Throwback to dark days? Political party in Pakistan wants army chief to seize power

The mysterious appearance of billboards across Pakistan imploring army chief to declare martial law has foxed many. While opposition parties say this is a ruse to deflect attention, analysts say it strengthens doubts that "something is going on"

Throwback to dark days? Political party in Pakistan wants army chief to seize power

Pakistani commuters drive past posters of army chief General Raheel Sharif in Peshawar on July 12, 2016. Posters begging Pakistan's powerful army chief to launch a coup appeared in major cities including the capital Islamabad overnight July 12, raising eyebrows in a country that has been ruled by the military for more than half its history. / AFP PHOTO / A MAJEED

As yet another military chief nears his superannuation, Pakistan is abuzz with usual speculations about a military coup.

Will he or won’t he?

To make matters worse, a little known political party has put up bill boards and banners across several cities urging Chief of Army Staff (COAS) Gen Raheel Sharif to seize power and impose martial law.

The posters put up by ironically named 'Move on Pakistan’ party, proposes to take the country back to the days of military rule.

The bill boards have been mounted on utility poles in over a dozen cities across Pakistan.

It has also been spotted even in the high security areas of capital Islamabad and cantonment areas of Rawalpindi, where the Army has its headquarters.

Pak army chief poster (1)

The billboards implore Gen Sharif to replace the political government and to form a government of technocrats.

“Talk of leaving has become old, for God’s sake come now,” the tag line on the posters say.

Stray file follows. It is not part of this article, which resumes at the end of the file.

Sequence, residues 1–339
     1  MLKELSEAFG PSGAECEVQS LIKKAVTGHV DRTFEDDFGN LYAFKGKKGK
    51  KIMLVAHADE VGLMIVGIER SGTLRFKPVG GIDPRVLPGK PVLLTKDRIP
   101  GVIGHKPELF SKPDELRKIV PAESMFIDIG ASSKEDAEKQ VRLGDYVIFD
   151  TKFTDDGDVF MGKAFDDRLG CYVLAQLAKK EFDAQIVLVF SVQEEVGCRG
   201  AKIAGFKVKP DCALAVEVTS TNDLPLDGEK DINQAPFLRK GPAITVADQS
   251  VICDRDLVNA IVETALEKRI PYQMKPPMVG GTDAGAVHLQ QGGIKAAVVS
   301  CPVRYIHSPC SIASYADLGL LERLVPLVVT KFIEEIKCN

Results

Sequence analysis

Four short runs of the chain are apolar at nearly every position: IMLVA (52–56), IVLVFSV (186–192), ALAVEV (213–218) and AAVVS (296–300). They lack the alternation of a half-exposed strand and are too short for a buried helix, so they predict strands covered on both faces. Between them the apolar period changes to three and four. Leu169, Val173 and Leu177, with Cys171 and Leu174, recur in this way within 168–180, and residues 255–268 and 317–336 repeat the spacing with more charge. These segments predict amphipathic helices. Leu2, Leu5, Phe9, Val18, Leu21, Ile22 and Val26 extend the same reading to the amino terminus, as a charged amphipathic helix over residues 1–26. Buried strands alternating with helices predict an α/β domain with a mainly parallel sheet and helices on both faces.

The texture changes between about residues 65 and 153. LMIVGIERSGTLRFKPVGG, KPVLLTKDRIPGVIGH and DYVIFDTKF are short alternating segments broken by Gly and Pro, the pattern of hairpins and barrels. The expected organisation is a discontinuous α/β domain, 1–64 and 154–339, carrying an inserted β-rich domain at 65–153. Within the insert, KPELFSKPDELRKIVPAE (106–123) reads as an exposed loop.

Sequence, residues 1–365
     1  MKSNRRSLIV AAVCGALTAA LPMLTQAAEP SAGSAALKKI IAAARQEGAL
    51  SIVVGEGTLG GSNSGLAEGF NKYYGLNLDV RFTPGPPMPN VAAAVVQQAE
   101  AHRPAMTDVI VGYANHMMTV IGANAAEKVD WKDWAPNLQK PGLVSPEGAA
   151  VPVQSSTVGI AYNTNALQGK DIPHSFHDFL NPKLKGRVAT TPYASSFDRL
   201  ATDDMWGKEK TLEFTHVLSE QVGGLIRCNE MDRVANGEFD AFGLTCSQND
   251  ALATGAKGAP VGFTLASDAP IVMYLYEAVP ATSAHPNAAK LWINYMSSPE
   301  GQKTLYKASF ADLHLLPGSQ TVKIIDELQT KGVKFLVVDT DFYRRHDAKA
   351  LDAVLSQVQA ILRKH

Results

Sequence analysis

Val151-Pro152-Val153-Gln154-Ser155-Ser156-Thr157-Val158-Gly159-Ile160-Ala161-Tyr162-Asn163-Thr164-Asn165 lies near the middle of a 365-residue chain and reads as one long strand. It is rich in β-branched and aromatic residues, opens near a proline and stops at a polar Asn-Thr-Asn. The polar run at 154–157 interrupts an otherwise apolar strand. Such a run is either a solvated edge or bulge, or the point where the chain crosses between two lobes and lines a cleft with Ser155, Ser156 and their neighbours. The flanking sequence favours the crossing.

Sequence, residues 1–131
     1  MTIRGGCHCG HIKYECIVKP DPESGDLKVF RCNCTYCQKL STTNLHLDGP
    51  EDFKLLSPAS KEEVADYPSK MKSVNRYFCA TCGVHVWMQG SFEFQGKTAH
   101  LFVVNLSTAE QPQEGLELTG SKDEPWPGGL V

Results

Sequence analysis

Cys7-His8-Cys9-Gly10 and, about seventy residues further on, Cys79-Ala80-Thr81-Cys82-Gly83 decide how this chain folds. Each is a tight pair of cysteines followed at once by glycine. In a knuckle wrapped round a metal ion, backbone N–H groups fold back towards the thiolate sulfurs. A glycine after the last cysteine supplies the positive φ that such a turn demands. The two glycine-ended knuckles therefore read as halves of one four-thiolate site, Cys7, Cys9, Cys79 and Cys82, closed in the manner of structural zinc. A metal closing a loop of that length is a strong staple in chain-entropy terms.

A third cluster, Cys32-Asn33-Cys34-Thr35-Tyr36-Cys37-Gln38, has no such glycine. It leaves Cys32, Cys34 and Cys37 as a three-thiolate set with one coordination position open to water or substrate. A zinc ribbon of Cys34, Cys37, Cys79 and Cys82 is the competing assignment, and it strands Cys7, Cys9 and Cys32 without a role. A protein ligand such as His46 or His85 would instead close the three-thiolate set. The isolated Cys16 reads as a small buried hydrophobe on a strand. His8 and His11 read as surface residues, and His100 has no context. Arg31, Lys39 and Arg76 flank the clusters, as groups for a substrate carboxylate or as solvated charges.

Though belatedly the Army distanced itself from the ad blitzkrieg.

"The Army or its affiliates have nothing to do with the posters bearing pictures of the COAS," General Asim Bajwa who heads Pakistan Army’s Public Relations unit ISPR said in a tweet.

Gen Sharif is due to retire on 30 November. Often referred to as one of "Pakistan's most popular army chief", Gen Sharif had in January stated that he is not looking for an extension after superannuation.

A month later 'Move on Pakistan' had in February requested Gen Sharif to reconsider his retirement plans.

“We have been considering holding rallies from Faisalabad to Lahore and Karachi to Sukkur in the second phase to convince the army chief that he should intervene for the betterment of the country and nation,” Ali Hashmi, the central organiser of the party was quoted as saying by the Karachi based 'Dawn'.

Raheel Sharif

The campaign mounted by the party which has been registered with Pakistan's election watch dog for three years comes at a time when prime minister Nawaz Sharif returned home after being abroad for over a month on Saturday. Sharif had been in London for a cardiac surgery. There were rumours that he may not return to the country.

The Pakistan prime minister had been under pressure from the opposition parties ever since the leaked Panama Papers revealed that his family members held enormous wealth in offshore bank accounts. Nawaz Sharif has denied any wrongdoing and has said he is ready to face any probe.

The main opposition Pakistan People's Party (PPP) and Imran Khan's Pakistan Tehreek-e-Insaf have alleged that the Sharif government was behind the campaign.

The PPP alleged that it was a ruse to create a scare that the military might seize power if the opposition went ahead with the planned protests.


“The government wants to scare us by creating an impression that the military can take over if the political situation deteriorates. There is no threat of martial law nor is the army ready for any such move,” Aitzaz Ahsan, the Leader of the Opposition in the Upper House of Pakistan parliament told Express Tribune.

Several political parties in Pakistan have announced street protests in the coming weeks to force Nawaz Sharif to step down.